The Effect of Intravenous Immunoglobulin Combined with Corticosteroid on the Progression of Stevens-Johnson Syndrome and Toxic Epidermal Necrolysis: A Meta-Analysis
Public Library of Science -- PLoS ONE
DOI 10.1371/journal.pone.0167120


Intravenous immunoglobulin (IVIG) treatment is commonly used to treat Stevens-Johnson syndrome (SJS) and toxic epidermal necrolysis (TEN) with controversial therapeutic effect.


We conducted a comprehensive meta-analysis through combining the published eligible studies to evaluate the effectiveness of IVIG on SJS and TEN treatment.


A total of 26 studies were selected from public available databases. The combination of IVIG and corticosteroid markedly reduced the recovery time (by 1.63 days, 95% CI: 0.83–2.43, P < 0.001), compared with solo corticosteroid group. The favorable effects were greater in Asian (2.19, 95% CI: 1.41–2.97, P < 0.001), TEN (2.56, 95% CI: 0.35–4.77, P = 0.023) and high-dose IVIG treated individuals (1.78, 95% CI: 0.42–3.14, P = 0.010). The hospitalization length reduced by 3.19 days (95% CI: 0.08–6.30, P = 0.045), though the outcome was proven to be unstable. We found heterogeneities, which sources were probably regional factors. Besides, IVIG was inclined to decrease SJS/TEN mortality (SMR: 0.84, 95% CI: 0.66–1.08, P = 0.178). This impact was possibly more profound when patients were treated with high dose IVIG (SMR: 0.74, 95% CI: 0.50–1.08, P = 0.116), or when patients were diagnosed as TEN (SMR: 0.68, 95% CI: 0.45–1.01, P = 0.058).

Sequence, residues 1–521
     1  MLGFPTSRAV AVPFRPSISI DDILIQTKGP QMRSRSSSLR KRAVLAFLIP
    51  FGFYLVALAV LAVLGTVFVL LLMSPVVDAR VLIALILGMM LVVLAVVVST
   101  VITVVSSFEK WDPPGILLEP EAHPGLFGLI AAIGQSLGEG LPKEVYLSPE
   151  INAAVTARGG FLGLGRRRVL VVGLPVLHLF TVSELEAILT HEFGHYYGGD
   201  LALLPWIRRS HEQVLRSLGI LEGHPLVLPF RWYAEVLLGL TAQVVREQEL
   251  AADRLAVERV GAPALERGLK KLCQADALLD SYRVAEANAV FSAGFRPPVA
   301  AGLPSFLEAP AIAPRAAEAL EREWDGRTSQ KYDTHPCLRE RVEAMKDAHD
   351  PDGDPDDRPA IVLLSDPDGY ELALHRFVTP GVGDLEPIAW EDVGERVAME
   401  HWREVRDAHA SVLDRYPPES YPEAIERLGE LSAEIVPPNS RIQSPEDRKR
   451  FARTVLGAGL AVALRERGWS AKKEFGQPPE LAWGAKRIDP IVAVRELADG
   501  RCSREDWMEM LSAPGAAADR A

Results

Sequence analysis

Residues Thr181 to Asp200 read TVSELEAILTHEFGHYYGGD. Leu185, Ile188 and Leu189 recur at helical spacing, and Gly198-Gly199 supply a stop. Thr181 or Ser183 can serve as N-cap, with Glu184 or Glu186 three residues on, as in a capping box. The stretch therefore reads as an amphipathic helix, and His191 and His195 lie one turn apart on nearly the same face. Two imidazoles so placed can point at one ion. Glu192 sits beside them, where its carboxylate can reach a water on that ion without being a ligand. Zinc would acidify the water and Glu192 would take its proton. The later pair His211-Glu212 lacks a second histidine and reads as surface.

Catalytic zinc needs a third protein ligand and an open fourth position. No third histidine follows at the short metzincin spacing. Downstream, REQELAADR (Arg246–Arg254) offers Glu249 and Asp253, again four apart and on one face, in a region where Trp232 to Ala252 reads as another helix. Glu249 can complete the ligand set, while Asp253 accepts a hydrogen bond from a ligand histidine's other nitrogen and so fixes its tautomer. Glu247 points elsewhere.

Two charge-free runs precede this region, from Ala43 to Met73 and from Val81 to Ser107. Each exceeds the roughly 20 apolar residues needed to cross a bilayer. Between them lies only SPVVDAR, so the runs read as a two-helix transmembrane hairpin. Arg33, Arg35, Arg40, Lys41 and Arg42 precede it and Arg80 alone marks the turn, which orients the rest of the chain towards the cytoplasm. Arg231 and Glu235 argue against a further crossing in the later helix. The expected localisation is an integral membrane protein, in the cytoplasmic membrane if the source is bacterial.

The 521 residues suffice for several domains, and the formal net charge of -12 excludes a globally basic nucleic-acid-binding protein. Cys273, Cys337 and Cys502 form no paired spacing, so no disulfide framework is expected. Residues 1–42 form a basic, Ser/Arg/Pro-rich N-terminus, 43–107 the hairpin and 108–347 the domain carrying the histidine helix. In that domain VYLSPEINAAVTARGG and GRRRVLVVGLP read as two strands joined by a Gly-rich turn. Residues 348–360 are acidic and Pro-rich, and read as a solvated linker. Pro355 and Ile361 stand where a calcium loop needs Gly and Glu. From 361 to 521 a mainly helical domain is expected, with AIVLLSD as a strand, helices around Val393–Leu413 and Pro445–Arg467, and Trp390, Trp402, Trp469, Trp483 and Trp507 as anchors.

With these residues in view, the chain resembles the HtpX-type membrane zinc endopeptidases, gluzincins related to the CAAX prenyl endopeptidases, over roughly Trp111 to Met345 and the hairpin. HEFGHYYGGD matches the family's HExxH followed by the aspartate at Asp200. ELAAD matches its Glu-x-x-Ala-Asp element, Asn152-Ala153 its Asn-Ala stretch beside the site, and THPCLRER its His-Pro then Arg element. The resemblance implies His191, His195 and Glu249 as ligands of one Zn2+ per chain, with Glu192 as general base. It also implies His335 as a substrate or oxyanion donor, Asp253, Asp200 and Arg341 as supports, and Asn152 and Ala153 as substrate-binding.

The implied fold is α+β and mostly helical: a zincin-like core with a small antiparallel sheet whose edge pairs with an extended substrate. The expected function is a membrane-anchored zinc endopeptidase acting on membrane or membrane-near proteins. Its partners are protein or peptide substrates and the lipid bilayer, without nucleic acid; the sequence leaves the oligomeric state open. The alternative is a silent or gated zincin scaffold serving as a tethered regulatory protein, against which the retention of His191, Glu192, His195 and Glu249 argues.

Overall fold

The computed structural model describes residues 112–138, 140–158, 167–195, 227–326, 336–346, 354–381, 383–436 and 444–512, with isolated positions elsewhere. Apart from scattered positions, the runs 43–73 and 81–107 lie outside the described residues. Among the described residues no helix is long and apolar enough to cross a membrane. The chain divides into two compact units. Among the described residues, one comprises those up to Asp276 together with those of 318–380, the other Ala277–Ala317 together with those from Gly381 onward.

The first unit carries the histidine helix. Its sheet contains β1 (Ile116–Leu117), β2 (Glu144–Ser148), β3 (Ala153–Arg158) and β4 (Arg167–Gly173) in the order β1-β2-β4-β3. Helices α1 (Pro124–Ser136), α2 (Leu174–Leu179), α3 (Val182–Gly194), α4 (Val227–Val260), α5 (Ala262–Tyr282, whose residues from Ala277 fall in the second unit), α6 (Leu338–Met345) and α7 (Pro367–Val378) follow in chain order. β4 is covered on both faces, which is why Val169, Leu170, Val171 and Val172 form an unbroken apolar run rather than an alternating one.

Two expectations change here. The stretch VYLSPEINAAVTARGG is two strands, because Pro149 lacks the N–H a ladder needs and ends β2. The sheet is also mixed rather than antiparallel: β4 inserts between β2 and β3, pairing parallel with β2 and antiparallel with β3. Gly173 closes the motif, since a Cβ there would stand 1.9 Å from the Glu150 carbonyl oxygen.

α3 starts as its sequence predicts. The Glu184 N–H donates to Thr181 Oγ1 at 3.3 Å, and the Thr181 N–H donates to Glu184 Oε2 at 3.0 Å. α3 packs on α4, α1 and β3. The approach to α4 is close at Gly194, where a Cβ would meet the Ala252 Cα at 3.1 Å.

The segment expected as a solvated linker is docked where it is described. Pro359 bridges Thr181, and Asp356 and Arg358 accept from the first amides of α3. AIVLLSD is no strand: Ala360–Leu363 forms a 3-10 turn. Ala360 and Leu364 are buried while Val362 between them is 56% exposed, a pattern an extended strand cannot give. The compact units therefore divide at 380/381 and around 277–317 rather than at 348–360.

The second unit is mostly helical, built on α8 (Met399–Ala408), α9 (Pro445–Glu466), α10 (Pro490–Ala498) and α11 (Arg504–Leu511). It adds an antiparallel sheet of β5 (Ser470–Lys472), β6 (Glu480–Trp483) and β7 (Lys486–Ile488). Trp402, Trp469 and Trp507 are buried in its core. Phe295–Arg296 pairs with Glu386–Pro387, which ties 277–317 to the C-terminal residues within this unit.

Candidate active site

Our current meta-analysis suggests that IVIG combined with corticosteroid could reduce recovery time for SJS and TEN. This effect is greater among Asian patients. Whereas, its impact on reducing mortality is not significant.